Seven months after Ghost Recon Wildlands’ debut, the popular open-world cooperative shooter finally has a competitive mode. On October 10, Ubisoft officially launched the free Ghost War update, which pits two teams of four ghosts armed with all the latest Ghost gadgetry against each another at various locations around Bolivia.
Like Rainbow Six Siege before it, Ghost War only has one multiplayer mode with a unique set of rules. The best-of-three-round battles have no other primary objective than neutralize the opposing team. The setup sounds basic, but the interesting rules of engagement and class system help Ghost Wars feel unlike any other competitive experience out there.
Each round starts with teams spawning at opposite ends of the map, which range from dense forests and logging sites to coca farms and quarries. The mode only has eight maps, but variations like weather and time of day inject more variety into the experience. No matter the weather report, taking a cautious approach is critical while getting the lay of the land. The environments are small enough to traverse into hot zones quickly, but large enough to create an element of uncertainty as to what the other team is doing. Did they set up along the perimeter, hoping to get the drop on you from afar? Are they rushing toward the buildings that frequently sit at the center of a map?
Players choose their role from variants based on four classes: marksman (snipers), assault, support (drone operators), and the all-purpose “multiclass.” Each role has a different special ability, and perks that you unlock along the progression scale add further customization. The wide variety of special abilities demands tactical considerations during team composition, not unlike Siege. Do want to create a team built for stealth and diversions, or trust in your shooting skills by taking more offensive-focused roles that neutralize the enemy technology? Customization fans should be happy that you can tweak the look of each class, effectively giving you four distinct visual styles to choose from for each match, but I wish they weren’t class dependent so you could pick your look based on the map/time of day you’re playing.
The Ghost War gunfights have no player respawns, but come with the caveat that you’re never truly dead (just potentially left for dead). At any given point during the skirmish, a teammate can revive you. This leads to interesting scenarios where teams may try to use a downed player as a trap to lure other enemies to their crosshairs (or a strategically placed mine). Downed players can ping areas on the map from the perspective of their fellow teammates, so even if you are incapacitated you can still help your team identify threats.
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I love the pacing of these matches. After a slow and tense build up where teams creep into position, searching for one another with drones and setting up countermeasures, eventually the bullet volleys begin. Sometimes the battles end up being close-quarters, with suppression playing a key role to staying alive. If a hail of bullets is flying your way, only a few select classes can return fire effectively while suppressed, so oftentimes it’s better to head for cover and regroup. Other battles became hide-and-go-seek long-distance firefights. As the rosters dwindle and it becomes harder to locate the enemy position, you can run for a radio tower in the center of the map that reveals the location of all the remaining threats. This location provides minimal cover and everyone on the map sees an indicator that someone is accessing the tower, so activating it requires you expose yourself to gunfire. The rush to reveal the enemy positions is always nerve-wracking.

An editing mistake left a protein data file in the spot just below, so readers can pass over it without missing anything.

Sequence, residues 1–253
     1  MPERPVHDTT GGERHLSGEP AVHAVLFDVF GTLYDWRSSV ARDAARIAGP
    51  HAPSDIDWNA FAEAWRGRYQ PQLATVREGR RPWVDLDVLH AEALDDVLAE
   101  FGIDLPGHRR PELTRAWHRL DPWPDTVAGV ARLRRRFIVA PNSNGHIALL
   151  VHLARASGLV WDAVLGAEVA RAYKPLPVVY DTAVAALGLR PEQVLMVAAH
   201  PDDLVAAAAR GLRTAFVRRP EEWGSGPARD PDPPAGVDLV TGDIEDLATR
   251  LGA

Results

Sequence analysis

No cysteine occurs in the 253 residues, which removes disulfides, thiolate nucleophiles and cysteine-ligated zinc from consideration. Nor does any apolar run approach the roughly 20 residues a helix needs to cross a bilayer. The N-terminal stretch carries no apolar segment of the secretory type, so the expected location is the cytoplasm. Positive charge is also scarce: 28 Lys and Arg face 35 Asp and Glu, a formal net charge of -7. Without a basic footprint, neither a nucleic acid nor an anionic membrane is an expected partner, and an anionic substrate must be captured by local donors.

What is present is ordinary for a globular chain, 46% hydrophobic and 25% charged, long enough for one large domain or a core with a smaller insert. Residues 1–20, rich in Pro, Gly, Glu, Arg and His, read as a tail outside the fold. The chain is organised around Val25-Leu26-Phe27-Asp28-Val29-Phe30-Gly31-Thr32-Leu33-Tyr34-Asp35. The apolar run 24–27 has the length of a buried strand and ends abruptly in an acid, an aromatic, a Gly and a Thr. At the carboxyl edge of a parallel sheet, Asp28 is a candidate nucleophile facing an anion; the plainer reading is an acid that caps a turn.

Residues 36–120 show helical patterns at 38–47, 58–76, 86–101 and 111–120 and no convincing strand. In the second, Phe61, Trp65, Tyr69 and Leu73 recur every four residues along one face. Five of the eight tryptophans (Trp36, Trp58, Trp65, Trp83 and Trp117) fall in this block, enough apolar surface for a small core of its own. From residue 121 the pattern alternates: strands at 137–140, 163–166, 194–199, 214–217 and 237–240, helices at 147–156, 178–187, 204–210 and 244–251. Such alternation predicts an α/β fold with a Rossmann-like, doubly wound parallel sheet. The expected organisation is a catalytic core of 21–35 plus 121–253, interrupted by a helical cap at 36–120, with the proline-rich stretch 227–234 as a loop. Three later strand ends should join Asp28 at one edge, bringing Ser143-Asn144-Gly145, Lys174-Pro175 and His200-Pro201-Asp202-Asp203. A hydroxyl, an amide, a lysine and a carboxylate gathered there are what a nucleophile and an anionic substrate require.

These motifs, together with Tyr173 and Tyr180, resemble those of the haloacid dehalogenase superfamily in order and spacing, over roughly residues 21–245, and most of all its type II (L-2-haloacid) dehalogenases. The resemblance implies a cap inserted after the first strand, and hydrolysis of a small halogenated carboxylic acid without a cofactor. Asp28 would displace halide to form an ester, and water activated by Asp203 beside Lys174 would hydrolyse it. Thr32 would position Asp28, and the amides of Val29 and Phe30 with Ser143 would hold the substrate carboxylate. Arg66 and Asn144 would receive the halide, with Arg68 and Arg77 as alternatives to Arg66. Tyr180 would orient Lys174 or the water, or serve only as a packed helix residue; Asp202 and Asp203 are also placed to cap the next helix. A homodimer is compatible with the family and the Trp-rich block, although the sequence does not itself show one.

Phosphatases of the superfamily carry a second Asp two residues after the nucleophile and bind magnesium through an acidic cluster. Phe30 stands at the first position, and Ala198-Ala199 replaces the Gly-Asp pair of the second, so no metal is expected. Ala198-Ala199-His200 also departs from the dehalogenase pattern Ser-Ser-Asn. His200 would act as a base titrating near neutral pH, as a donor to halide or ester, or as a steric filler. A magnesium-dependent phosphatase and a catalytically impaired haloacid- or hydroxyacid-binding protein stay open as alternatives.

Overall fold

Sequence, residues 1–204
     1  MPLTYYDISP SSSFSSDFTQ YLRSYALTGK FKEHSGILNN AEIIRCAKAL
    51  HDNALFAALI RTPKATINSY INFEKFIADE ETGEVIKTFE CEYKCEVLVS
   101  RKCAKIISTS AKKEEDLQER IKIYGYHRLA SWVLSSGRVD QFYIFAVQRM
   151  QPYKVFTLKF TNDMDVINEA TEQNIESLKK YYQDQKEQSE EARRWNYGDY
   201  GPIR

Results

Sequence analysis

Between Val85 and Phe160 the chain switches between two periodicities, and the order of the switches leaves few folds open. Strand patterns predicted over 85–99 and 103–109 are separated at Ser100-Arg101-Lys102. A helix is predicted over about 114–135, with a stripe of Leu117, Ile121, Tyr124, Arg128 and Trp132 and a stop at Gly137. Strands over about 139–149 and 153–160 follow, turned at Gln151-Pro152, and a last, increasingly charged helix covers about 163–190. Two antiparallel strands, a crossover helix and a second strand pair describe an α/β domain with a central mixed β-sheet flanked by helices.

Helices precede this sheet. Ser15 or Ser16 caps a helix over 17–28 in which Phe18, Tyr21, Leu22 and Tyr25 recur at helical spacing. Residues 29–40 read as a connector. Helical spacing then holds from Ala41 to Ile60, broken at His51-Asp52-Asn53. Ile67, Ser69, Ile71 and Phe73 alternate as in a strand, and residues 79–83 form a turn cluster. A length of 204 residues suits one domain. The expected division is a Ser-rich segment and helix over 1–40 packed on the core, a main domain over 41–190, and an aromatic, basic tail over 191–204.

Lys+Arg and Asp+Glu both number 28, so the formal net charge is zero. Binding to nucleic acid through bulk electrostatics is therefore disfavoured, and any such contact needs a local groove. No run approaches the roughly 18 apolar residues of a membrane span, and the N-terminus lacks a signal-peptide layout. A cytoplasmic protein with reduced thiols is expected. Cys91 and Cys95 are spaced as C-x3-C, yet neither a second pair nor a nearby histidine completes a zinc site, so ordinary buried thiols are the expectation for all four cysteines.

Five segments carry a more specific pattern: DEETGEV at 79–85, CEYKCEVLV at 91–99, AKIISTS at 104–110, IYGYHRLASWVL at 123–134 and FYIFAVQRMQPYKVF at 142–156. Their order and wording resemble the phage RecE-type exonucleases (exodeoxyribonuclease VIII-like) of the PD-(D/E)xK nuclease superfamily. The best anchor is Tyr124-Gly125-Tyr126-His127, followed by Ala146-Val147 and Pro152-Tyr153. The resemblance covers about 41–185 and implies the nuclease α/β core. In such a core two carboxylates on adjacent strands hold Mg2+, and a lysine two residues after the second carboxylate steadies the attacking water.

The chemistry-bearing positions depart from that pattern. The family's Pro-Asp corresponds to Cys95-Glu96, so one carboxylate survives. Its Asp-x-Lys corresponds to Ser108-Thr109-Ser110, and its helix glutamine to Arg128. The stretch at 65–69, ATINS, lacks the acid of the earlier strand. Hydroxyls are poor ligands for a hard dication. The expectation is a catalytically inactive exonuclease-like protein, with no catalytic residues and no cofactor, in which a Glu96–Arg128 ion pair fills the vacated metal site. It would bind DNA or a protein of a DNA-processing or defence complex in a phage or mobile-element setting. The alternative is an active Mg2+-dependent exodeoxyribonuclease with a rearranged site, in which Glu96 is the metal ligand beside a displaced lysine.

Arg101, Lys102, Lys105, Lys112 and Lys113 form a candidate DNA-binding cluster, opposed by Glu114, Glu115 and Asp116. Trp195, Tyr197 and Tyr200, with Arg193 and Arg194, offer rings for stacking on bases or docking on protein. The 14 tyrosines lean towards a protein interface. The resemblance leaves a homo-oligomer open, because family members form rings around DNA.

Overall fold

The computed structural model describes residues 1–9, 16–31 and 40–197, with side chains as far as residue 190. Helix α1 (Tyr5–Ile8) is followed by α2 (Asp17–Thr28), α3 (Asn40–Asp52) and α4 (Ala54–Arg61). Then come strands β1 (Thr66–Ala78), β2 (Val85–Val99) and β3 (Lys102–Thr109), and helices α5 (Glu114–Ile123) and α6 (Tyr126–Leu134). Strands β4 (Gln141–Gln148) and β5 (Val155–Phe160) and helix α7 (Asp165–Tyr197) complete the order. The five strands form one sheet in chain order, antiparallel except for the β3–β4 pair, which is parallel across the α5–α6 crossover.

Sound plays a key role to staying alive in Ghost War. Unless you have a class equipped with a silencer, each time you fire your gun a sound indicator reveals your general position to the opposition. Dense, lush grass fields or forest vegetation can obfuscate your view while you’re trying to shake a marker, making listening for encroaching footsteps a key to survival.
Ghost War is largely a success, but does have some trouble spots. Matchmaking can be problematic, pairing several low-ranking players against veterans. Host migration disrupts the flow of play, and far too many people drop out after only one round with no penalty. The thermal optics are also too powerful, allowing players who equip the perk to easily track enemies through foliage with no real penalty. My other minor gripe is inherent to third-person shooters – players hiding in building doorways can manipulate the camera to get an unrealistic jump on incoming attackers.
As one of the best-selling games of the year, Ghost Recon Wildlands has had a great run already. The addition of Ghost Wars to the mix provides a great incentive to return for those who have already powered through the cooperative campaign and DLC. It doesn’t hurt that the update is free, either.